Hampton Court astronomical clock

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Hampton Court Astrological Clock

Hampton Court astronomical clock is a sixteenth-century astronomical clock in Hampton Court Palace.

History and description[edit]

The clock face in the tower

The clock was installed in 1540 on the gatehouse to the inner court at Hampton Court Palace. It was designed by Nicholas Crazter and made by Nicholas Oursian. This pre-Copernican and pre-Galilean astronomical clock is still functioning.

The clock is 15 feet (4.6 m) in diameter with three separate copper dials revolving at different speeds and displays the following information:

  • Hour
  • Month
  • Day of month
  • Position of the sun in the elliptic
  • Twelve signs of the zodiac,
  • Number of days elapsed since the beginning of the year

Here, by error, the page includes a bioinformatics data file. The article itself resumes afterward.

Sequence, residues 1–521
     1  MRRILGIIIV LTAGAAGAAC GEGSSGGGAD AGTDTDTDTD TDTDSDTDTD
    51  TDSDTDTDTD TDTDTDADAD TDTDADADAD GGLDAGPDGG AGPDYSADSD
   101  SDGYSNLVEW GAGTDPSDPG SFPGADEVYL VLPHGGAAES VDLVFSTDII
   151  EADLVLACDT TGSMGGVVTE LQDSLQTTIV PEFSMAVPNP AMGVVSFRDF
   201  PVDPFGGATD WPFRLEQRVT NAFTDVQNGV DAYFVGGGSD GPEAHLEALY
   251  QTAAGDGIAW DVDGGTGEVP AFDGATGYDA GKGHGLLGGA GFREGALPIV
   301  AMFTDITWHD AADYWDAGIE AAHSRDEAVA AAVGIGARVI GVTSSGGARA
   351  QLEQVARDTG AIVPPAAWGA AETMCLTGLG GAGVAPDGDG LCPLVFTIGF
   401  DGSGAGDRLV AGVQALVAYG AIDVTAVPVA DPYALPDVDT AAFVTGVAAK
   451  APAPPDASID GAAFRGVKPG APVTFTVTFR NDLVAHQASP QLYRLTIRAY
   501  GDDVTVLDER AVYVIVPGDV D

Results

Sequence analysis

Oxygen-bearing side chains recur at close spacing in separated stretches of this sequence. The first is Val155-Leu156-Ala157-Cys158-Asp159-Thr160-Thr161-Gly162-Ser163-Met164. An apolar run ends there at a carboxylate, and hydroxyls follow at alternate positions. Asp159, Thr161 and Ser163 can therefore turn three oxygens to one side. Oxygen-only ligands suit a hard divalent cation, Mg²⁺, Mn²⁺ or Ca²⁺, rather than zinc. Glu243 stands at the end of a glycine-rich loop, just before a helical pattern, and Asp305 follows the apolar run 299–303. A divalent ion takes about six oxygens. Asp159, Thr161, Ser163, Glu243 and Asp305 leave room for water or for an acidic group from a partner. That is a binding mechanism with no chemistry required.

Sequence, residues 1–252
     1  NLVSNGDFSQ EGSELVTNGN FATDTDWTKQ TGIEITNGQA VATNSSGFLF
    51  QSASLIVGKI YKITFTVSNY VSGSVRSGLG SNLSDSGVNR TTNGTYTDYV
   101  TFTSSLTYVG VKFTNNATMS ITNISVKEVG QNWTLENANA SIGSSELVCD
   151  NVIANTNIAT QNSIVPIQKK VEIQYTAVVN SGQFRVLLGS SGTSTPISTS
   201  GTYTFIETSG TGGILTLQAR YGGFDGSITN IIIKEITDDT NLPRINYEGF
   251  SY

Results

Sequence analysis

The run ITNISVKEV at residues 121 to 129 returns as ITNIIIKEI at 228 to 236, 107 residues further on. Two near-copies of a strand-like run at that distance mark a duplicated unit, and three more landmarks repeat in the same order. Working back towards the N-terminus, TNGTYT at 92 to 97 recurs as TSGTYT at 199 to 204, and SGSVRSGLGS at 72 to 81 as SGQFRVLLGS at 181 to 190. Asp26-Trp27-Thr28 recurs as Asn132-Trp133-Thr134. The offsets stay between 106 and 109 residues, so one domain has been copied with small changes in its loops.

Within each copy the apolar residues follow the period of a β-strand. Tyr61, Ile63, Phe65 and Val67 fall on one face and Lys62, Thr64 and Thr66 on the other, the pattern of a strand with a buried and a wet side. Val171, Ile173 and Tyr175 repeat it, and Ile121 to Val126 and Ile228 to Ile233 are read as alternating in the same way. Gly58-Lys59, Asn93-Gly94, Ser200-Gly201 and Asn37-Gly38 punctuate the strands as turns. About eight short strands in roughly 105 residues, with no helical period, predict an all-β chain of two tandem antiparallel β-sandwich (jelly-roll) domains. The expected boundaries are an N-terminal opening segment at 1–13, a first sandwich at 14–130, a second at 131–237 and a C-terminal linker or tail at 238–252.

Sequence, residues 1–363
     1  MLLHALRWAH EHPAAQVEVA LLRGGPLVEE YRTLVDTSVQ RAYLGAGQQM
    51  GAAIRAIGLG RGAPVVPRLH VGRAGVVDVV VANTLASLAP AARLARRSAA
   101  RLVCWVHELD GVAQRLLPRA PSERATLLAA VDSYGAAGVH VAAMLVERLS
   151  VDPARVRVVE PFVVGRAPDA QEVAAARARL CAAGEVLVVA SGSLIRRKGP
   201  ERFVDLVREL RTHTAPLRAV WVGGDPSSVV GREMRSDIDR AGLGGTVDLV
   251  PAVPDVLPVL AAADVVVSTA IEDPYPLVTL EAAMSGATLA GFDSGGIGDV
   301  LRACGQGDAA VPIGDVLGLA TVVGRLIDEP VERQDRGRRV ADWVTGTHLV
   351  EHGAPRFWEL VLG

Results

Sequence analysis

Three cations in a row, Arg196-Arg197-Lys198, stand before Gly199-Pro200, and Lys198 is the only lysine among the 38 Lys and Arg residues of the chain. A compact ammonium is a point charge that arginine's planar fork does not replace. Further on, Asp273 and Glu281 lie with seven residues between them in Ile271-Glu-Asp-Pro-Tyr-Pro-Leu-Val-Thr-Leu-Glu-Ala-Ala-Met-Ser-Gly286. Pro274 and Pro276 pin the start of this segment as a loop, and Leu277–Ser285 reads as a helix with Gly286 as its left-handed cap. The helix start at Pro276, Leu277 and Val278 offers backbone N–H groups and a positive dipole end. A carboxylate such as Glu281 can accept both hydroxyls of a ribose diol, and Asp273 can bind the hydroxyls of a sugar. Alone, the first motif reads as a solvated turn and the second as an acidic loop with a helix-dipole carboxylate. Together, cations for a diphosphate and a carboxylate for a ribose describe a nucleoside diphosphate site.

• Phases of the moon
  • Age of the moon in days
  • Hour when the moon crosses the meridian and thus high water at London Bridge.[1]

The latter information was of great importance to those visiting this Thames-side palace from London, as the preferred method of transport at the time was by barge, and at low water London Bridge created dangerous rapids.

The clock was restored in 1711 by William Herbert. In 1831 the astronomical dial had been removed, and the mechanism was replaced with that from a clock dating from 1799 from St James's Palace. In 1879 the astronomical dial was found, and Gillett & Bland manufactured a new clock movement.

The clock was fully restored in 2007 and 2008 by the Cumbria Clock Company in time for the 500th anniversary of the accession of King Henry VIII.[2]

References[edit]

  1. ^ Hampton Court Palace. London: Historic Royal Palaces. Simon Thurley. 1996.
  2. ^ "Astronomical clock returns". Hrp.org.uk. 23 April 2008. Retrieved 2013-08-07. 

Coordinates: 51°24′10″N 0°20′22″W / 51.402859°N 0.339516°W / 51.402859; -0.339516